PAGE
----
This morning Grouping, a St. Louis-based hair-focused startup, announced it raised $1.4 million in a pre-seed round. M25, a venture capital firm with a geographic focus on the Midwest, led the funding event. Prior to its pre-seed round, Rebundle had raised what the CEO and co-founder Ciara Iman May described as a six-figure grant and other non-dilutive capital in an interview with TechCrunch.
Rebundle creates and sells plant-based hair extensions. My knowledge of hair extensions is modest, but May explained a few key points to me. First, the market is the two big ones, and varied, with a myriad of price points ranging from cheap (plastic-based products) to expensive (human hair). And second, plastic extensions can irritate the scalp.
May focused on more sustainable living before founding Rebundle, she said, and was aware of the irritation plastic extensions can cause. What his startup has created has the potential to both eliminate plastics from the product, help customers feel better, and limit waste, helping the environment.
To create its product, Rebundle uses banana fiber as the base material in the extensions it sells in a variety of colors. In particular, the company is building new production facilities in the United States rather than overseas.
Manufacturing takes us back to the funding cycle, which the CEO says will be used to invest in both her team and her supply chain. Rebundle was selling out of stock within an hour or less before raising more capital, which meant previous funding sources were too small for it to scale properly. Enter venture capital.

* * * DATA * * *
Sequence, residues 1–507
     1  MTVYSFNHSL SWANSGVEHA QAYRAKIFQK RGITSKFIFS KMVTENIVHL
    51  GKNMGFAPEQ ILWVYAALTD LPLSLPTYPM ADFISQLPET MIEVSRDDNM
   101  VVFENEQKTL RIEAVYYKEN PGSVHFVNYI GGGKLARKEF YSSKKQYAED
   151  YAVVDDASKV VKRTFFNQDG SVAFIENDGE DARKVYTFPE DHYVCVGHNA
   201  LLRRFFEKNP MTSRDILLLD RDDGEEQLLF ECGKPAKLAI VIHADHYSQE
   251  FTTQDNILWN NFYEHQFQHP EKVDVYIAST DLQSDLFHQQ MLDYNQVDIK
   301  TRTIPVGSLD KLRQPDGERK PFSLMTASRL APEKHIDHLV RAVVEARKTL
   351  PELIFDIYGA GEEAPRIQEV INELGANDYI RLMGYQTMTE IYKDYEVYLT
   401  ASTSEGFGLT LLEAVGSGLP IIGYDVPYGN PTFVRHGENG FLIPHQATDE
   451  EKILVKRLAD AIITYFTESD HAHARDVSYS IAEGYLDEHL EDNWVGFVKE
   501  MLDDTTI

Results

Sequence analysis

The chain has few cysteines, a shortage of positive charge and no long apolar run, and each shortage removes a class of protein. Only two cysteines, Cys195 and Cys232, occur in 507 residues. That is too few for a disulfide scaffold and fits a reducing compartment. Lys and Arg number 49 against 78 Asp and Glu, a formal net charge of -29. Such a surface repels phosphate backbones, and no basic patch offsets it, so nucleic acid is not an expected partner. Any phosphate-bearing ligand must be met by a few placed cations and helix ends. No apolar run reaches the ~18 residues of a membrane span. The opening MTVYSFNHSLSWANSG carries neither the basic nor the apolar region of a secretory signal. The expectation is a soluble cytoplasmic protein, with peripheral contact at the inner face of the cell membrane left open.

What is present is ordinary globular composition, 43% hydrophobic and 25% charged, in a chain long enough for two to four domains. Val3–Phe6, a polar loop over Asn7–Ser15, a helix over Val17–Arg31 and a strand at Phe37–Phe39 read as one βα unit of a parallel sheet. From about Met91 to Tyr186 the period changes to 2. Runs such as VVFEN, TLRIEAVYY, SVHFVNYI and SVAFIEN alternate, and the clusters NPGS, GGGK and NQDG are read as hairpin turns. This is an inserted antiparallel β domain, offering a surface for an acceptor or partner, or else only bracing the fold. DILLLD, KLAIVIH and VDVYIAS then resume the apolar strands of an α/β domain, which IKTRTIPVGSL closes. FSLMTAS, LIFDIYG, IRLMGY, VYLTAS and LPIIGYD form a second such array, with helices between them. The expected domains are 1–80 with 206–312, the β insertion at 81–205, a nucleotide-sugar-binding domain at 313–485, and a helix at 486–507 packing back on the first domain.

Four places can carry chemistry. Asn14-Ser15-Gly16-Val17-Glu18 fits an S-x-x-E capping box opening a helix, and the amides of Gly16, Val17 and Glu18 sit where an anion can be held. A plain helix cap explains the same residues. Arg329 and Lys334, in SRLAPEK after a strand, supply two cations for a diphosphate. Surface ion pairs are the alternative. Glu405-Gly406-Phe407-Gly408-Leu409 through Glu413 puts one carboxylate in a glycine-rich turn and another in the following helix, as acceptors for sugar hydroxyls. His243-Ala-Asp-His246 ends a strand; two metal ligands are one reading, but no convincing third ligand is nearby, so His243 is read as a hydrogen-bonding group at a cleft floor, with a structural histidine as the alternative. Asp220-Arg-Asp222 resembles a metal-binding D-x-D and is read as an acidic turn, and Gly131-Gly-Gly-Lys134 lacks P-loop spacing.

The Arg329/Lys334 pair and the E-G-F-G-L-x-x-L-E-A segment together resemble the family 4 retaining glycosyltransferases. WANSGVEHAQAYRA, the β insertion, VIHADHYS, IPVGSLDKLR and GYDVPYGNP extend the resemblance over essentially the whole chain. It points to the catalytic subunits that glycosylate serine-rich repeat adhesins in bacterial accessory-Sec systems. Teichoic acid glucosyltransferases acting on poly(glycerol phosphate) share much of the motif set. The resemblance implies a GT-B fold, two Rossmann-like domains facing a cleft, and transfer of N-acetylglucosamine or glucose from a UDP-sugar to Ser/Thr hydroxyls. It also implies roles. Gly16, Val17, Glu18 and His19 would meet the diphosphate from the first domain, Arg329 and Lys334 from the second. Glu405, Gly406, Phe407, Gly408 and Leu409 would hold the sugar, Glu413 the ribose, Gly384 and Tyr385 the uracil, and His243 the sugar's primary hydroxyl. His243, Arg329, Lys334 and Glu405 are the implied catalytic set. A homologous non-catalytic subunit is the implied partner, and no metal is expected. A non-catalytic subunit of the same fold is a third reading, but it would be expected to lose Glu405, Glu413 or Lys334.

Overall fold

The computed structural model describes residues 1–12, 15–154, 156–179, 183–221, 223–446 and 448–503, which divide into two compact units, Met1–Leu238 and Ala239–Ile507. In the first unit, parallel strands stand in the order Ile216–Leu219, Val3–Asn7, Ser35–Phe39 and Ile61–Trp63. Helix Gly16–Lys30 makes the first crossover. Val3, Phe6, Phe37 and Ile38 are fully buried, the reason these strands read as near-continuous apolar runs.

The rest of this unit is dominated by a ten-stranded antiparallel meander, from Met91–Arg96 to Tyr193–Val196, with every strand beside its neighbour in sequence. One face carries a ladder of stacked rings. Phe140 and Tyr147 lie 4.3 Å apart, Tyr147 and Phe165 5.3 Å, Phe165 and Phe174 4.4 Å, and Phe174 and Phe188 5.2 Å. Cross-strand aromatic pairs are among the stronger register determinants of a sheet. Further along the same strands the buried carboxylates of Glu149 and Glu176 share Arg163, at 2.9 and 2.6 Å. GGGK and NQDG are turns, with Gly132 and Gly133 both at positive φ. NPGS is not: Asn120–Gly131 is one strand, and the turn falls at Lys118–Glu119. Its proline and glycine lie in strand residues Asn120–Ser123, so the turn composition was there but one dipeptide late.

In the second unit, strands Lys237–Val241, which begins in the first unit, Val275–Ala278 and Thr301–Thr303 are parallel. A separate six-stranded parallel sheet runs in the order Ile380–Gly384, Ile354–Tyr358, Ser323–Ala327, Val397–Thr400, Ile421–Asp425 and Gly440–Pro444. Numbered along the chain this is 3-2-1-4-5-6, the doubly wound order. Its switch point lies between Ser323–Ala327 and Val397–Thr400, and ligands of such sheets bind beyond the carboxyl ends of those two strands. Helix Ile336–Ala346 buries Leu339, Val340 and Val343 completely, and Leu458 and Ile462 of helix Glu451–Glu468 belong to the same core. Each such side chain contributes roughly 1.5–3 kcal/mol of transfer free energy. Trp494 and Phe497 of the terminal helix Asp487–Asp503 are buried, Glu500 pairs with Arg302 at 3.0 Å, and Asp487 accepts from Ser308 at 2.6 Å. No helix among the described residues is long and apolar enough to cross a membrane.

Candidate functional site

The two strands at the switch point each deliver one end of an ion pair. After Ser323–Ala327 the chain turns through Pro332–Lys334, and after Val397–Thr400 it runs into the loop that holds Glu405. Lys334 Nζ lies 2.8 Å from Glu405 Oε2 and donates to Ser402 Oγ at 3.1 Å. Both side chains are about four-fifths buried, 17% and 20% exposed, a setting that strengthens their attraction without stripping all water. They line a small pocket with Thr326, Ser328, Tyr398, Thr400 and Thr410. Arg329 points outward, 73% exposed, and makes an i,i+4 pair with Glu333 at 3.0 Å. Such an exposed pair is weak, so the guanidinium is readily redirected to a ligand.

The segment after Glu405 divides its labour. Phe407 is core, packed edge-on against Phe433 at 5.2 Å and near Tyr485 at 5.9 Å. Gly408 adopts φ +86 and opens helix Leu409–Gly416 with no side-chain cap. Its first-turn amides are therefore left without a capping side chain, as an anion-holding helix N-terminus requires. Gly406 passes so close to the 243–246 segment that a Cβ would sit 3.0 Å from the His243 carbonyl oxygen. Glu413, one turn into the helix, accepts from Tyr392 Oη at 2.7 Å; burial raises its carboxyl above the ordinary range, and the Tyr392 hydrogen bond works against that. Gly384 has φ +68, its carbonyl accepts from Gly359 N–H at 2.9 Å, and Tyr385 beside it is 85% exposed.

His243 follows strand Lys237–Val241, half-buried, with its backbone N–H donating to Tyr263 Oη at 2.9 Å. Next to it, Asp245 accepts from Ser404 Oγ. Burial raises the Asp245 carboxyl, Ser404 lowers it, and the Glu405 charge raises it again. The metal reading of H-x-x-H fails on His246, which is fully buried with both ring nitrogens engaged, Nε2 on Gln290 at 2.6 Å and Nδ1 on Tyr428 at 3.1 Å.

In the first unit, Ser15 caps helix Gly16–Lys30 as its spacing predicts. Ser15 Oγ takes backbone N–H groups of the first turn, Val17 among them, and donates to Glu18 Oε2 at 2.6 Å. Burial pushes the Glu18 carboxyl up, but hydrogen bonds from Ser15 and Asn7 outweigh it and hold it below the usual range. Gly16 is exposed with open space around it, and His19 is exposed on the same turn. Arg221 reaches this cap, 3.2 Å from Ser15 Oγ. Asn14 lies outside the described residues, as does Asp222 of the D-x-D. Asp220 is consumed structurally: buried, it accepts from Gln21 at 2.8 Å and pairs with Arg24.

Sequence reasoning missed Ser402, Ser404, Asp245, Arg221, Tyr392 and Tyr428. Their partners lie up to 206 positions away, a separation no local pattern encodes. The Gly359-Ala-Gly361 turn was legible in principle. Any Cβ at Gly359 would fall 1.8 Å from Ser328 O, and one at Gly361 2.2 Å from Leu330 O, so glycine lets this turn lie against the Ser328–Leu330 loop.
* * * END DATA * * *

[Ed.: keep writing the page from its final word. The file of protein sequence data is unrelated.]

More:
Rebundle is a DTC company, selling its products through its website. I asked May how many times a year someone using hair extensions could change them out for a new set. She said up to five times a year. This means that Rebundle sells what appears to be a recurring purchase physical good through its own channels. The gross margin profile of the extension market is unclear to us at this point, but the potential consistency of extension sales makes the Rebundle an attractive business case.
Recall that mountains of venture capital have been invested in the DTC model for products without recurring catchphrases, an experiment that has had mixed results.
On the obvious issue of subscriptions to his products, the co-founder objected to sharing specifics, only allowing there to be “room to play around” with the idea. Today, extension customers, she explained, typically don’t buy a subscription to the product. If Rebundle can expand its onshore manufacturing and introduce recurring service to its product line, I wouldn’t be shocked to see the business grow again this year.
He probably won’t need it. The company’s CEO told TechCrunch that his last lap was compiled with a rolling fence, but the capital will provide at least 18 months of track, and maybe a little more. So there’s probably no short-term need for more funds at Rebundle, although not needing the money certainly hasn’t stopped many startups from taking on more capital when they are. proposed.